Clause 35. — (Rates of Annual Allow Ances for Machinery and Plant.)

Part of Orders of the Day — Finance Bill – in the House of Commons at 12:00 am on 21st May 1963.

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Photo of Mr Geoffrey Hirst Mr Geoffrey Hirst , Shipley 12:00 am, 21st May 1963

I support the suggestion which my hon. Friend the Member for Nottingham, South (Mr. W. Clark) has made. My fairly long and, on the whole, friendly but not entirely painless experience of the Treasury leads me to believe that it may have some difficulty in accepting the Amendment. However, it is the spirit behind it which is important. I do not mind my right hon. Friend the Chancellor of the Exchequer refusing to jump all the hurdles as long as he indicates that he is at least prepared to go into training and to recognise that there is a need to do something in this matter.

I speak as one who has not been easily wedded to any form of export incentive. I was never very much in favour of it in any form. However, after careful study, I am now much more in favour of it, and I am glad that a Committee is going into this matter. I do not blame my right hon. Friend. If there is any complaint about the matter, it is that they have been too long about it. The Government ought to have been even ahead of us on the back benches in realising that we are dealing with a different situation.

My basic reason for supporting the Amendment—I am not in the least wedded to the words—is to get a principle accepted by the Committee and some recognition of its need implanted in our policy. I do, however, see that in the near future, if the priorities are to be right—and the priority of all priorities is growth in the economy—certain things inevitably follow. One of them is that our export trade must be increased.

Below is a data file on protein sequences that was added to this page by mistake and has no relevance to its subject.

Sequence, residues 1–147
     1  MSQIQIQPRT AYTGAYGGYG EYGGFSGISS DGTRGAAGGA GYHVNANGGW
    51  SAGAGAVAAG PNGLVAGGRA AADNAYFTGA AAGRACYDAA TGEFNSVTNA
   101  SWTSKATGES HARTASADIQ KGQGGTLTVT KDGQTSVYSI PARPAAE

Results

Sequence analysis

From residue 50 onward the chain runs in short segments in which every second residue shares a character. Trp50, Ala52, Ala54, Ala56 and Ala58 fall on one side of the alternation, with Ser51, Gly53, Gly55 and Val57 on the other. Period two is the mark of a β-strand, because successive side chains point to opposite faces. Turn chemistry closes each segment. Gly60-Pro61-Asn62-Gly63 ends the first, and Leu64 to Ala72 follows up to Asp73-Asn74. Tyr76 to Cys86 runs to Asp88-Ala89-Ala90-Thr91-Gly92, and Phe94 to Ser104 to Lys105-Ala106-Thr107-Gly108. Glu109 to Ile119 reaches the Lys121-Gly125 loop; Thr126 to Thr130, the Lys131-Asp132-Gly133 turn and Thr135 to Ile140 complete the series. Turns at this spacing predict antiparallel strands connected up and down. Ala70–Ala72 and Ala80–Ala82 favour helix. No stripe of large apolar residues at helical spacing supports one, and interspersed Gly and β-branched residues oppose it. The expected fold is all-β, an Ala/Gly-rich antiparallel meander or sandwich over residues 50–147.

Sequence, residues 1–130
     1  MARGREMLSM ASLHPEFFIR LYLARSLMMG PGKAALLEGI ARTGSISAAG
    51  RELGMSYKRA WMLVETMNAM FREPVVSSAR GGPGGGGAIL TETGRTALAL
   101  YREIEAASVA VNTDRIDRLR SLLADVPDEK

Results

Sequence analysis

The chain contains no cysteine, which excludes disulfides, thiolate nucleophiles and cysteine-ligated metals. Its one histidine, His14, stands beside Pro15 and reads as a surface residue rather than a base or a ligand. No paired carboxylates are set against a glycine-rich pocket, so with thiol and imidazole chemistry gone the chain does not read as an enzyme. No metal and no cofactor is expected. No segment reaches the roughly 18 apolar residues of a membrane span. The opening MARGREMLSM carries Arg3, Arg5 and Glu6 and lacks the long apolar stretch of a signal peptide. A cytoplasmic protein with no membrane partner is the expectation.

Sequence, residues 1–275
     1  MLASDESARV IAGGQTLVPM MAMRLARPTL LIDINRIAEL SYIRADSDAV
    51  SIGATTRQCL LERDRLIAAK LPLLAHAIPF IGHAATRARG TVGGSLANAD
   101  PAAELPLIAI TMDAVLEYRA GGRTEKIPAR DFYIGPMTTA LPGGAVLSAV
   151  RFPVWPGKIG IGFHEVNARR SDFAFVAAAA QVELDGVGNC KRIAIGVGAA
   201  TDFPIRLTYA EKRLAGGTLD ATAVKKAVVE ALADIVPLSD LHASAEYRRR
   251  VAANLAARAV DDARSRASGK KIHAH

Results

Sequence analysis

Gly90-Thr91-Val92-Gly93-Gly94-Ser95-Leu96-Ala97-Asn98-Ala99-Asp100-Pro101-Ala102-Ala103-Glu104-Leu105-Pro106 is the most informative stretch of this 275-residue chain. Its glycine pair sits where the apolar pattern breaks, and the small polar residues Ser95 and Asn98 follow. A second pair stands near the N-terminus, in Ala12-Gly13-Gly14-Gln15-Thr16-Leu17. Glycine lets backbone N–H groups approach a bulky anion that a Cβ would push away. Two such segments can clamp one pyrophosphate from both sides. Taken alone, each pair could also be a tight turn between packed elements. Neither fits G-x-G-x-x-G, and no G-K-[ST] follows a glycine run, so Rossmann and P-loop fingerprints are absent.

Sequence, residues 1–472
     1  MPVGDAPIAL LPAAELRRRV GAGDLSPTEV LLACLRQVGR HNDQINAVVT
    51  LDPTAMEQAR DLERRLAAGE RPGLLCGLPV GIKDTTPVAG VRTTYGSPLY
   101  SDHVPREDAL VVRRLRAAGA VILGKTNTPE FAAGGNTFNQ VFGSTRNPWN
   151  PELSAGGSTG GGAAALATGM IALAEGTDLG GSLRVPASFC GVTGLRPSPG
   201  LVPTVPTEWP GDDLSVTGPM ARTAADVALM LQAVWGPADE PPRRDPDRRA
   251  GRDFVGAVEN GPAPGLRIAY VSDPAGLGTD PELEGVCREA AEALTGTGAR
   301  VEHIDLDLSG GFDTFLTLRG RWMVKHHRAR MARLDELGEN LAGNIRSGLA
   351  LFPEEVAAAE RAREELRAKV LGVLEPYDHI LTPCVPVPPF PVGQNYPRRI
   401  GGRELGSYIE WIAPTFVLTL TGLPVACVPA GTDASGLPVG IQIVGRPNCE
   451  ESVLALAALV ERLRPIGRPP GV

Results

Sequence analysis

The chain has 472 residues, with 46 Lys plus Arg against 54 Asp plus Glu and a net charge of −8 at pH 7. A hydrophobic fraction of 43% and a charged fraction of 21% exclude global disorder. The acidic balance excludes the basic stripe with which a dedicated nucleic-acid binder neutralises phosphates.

It is a question of priority. If we say that to avoid a balance of payments crisis we shall do what we have often had to do before, lower the base of our productivity and our growth, we are going back to a policy which we have already found to be unsatisfactory. Therefore, the priorities must be right. If we are to accept the growth policy as the prime priority, everything has to be done to fit in with that.

The first thing is to avoid, if possible, any consequences of a growth policy through a balance of payments crisis by increasing our export trade. If that is the order of priorities, we have to do some new thinking. Many of the policies that we have had before, excellent and basically successful as they were, will not match up to the present situation and difficulties.

If other people are using certain methods to encourage trade in circumstances not always dissimilar to our own, we cannot afford to be third or even second in that race. I hope that my right hon. and hon. Friends will give this sort of consideration to this Amendment. As I say, I am not the supreme optimist. I have been here far too long to imagine that this Amendment will be accepted—that would be asking rather too much. What we would like in this Committee is to feel, once again—I think that there is an element of support running in this vein and we have already had it in other directions, as my hon. Friend has indicated—that the Government will be somewhat ahead of this sort of committee in this matter.

It is good, I think, to have this committee, long-delayed, as I think it is, in order to refresh our memories, because, although most of the knowledge is fairly well known, what is more important is that the country should see that the priorities will be put right in the context of world trade and competition today.

In putting them right we have to safeguard that policy by ensuring that we have the machinery to achieve it. On those grounds, I give my utmost support to my hon. Friend.